Level 2, 14 Collins Street,
the
Port of Portland
Melbourne
VIC 3000
The
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found1300
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Telephone:
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Portland
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a substantial
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Letter from Melbourne
Wider community concerns
Ready to talk
Still under consideration
In an editorial run in the Herald Sun, David
Williams argues that TAFE cuts will keep
hurting Premier Ted Baillieu. He suggests
that the $300 million cuts from TAFEs have
been met with widespread condemnation,
because there is unanimous agreement in
the community that the decision is wrong.
Across Victoria, community groups such
as the City of Geelong are holding townhall meetings to help people understand
the impact of these cuts. TAFE education,
he argues, is a vital component of Victoria’s
key export - tertiary education.
More recently, Australian Education Union
state president Mary Bluett has flagged
that she is prepared to move on the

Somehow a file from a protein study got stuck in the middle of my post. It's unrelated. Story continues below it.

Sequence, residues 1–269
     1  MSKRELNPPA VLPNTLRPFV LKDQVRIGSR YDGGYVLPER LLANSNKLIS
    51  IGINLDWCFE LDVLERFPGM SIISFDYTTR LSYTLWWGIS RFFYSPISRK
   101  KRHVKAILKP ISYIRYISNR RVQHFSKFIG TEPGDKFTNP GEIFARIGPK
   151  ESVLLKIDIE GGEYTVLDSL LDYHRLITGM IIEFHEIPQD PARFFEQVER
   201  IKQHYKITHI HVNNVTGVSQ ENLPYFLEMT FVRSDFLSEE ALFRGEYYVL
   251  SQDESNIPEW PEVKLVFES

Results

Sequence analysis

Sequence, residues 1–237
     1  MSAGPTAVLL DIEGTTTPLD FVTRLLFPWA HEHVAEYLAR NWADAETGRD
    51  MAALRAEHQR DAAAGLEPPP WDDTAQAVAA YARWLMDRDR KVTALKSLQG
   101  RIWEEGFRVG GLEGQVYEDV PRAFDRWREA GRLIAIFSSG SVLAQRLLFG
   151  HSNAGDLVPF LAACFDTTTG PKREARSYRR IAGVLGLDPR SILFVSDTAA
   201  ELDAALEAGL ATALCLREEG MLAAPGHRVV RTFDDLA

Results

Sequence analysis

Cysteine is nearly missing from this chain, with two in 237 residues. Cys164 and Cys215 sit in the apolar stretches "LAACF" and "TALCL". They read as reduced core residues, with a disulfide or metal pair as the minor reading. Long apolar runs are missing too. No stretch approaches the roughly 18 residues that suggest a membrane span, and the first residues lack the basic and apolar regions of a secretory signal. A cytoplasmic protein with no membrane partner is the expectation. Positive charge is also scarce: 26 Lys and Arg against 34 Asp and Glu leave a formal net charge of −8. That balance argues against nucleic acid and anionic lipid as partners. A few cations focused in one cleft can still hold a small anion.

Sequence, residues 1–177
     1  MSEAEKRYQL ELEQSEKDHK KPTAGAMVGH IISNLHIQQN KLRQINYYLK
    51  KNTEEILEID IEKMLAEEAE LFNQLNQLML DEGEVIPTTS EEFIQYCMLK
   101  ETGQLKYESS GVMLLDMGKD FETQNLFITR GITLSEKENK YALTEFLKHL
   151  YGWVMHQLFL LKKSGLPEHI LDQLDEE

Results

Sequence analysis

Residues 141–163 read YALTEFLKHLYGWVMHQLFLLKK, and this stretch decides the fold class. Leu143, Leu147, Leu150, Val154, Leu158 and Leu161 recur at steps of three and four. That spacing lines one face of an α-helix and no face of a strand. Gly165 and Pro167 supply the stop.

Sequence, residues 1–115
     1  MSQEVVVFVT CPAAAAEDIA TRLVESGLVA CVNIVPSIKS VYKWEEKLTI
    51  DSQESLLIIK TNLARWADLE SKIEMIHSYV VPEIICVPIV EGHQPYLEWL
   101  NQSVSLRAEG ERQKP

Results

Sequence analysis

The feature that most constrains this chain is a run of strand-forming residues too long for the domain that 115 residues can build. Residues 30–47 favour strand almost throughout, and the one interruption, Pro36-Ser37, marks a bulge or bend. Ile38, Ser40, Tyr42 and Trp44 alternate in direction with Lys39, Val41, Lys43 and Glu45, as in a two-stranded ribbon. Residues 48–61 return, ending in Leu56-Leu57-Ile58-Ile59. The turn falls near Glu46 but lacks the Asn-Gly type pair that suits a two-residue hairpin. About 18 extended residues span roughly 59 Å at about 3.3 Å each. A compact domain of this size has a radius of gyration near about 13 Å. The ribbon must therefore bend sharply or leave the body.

teacher pay claim of a 30 per cent pay rise
over three years. According to The Age,
Ms Bluett, who recently also said that she
would stand down as president at the end
of the year, conceded that the Victorian
government was unlikely to pay Victorian
teachers more than their colleagues in
Western Australia. Ms Bluett said that the
30 per cent rise was what would have
been required had the government kept
its pre-election promise to make Victorian
teachers the highest-paid in the nation.
The Victorian government is presently
refusing to say whether it remains
committed to its election policy of five per
cent of Victoria’s energy coming from solar
power by 2020.
Education state
In The Age, Victoria University vicechancellor Peter Dawkins writes that
learning is the key to Victoria’s future wealth.
He explains that the university sector
and the school systems are strong, and
that the Global University City Index has
Melbourne highly ranked as a great place
for students. Unfortunately, vocational
education and training has tended to
have second-class status in Australia.
Areas that can be improved, he suggests,
include outcomes of students from
lower socio-economic backgrounds and
outcomes in early childhood development.
He writes that ‘getting education right has